Labour's rank and file army swells to 400,000

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The Labour Party's announcement yesterday that its membership had topped 400,000 was hailed by its deputy leader, John Prescott, as evidence that the party was now the "biggest in Britain" and the "fastest growing in Western Europe".

But the party's critics warned of a "massive but passive" membership which was being used as a fan club for a leadership that was increasingly tightening its control over a centralised machine.

Labour leaders have spoilt their achievement by overclaiming, but the increase of 54 per cent in the 30 months since Tony Blair became leader in July 1994 is a marked turnaround at a time when many assumed that the age of the mass political party was long past.

Mark Seddon, editor of the left-wing Tribune newspaper, compared the party's new recruits to members of the National Trust.

"The upsurge has been in all those places where people are more likely to respond to demands for money from the national party," he said, rather than contributing to more active local parties.

He said that an increasingly middle-class, inactive membership was part of the leadership's plans, revealed in The Independent this week, to abolish constituency-wide party committees and to end the policy-making role of the party conferences.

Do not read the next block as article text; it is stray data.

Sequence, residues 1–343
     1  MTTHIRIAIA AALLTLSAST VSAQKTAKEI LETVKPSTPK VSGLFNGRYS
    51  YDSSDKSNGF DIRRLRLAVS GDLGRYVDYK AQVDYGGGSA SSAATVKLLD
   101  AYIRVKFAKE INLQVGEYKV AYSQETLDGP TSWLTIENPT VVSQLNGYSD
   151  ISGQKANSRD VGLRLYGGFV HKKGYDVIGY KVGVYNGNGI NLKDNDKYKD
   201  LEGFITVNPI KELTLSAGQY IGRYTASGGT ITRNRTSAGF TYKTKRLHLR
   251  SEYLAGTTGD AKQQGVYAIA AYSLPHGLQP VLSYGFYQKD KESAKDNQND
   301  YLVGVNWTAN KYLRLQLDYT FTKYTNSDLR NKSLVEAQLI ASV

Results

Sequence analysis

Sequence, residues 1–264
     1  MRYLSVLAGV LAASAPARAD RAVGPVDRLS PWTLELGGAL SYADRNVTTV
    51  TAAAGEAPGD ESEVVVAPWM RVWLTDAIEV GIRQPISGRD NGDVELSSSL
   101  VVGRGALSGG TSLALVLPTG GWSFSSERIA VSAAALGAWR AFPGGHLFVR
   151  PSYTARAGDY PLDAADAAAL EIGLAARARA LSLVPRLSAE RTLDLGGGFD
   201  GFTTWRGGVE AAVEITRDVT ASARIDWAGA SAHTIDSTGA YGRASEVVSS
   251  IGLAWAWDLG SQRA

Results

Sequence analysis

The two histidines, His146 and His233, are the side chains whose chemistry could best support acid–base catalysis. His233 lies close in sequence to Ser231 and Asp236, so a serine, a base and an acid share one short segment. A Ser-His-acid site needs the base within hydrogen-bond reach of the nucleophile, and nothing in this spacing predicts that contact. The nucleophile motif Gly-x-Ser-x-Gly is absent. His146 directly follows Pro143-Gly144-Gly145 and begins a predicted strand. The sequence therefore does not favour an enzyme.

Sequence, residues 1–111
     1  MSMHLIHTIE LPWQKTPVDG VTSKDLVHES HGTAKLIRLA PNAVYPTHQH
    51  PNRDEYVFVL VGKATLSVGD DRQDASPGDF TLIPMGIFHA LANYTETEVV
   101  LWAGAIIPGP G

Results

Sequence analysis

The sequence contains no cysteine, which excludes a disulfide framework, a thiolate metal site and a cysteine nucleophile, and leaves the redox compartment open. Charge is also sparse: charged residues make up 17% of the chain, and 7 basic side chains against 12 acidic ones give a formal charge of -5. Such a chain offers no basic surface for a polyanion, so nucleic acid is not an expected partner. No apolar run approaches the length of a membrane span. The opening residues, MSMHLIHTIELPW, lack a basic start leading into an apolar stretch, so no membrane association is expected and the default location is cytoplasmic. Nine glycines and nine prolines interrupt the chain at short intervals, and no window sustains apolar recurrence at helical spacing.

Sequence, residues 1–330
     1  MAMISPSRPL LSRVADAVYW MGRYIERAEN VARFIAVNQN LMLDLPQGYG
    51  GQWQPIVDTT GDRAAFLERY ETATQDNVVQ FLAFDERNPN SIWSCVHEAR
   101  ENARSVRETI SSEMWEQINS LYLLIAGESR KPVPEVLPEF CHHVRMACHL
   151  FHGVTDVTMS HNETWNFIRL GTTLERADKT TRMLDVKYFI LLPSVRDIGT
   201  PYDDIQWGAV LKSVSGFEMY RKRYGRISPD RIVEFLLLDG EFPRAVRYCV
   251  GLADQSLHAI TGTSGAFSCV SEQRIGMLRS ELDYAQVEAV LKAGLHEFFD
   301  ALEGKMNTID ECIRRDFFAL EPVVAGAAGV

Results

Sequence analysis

He promised all-out resistance: "I just don't think it's going to happen. The constituencies won't have it," he said. Mr Seddon added: "I'm delighted the membership is growing, but you have got to treat these numbers with a degree of scepticism."

He compared the Blair boom to the heyday of CND and the launch of the SDP, whose mass recruits failed to last. He added that there was plenty of evidence of people whose membership had lapsed when they became disillusioned, but whose names had continued to appear on membership lists.

A Liberal Democrat spokesman also cast doubt on the methods which the Labour Party had used to achieve an 85 per cent retention rate. He said that Terry Marsh, the former boxer and Liberal-Democrat candidate in Basildon, whose Labour membership lapsed two years ago, had received a ballot paper for October's vote on Labour's early manifesto.

Conservative Central Office estimates that there are 750,000 members of its autonomous local associations, based on a survey taken in 1995.

"While we accept that we have lost some members since then, we believe that overall we have gained substantial numbers as well," the party said in a statement yesterday.

Mr Prescott poured scorn on the figure, citing independent estimates as low as 300,000 as the basis of Labour's claim to have overtaken the Tories.

"I challenge them to produce a list of every single member of the Tory party," he said, and threw down the same gauntlet to the Liberal Democrats, who do have a national list and have claimed about 100,000 members over the past four years.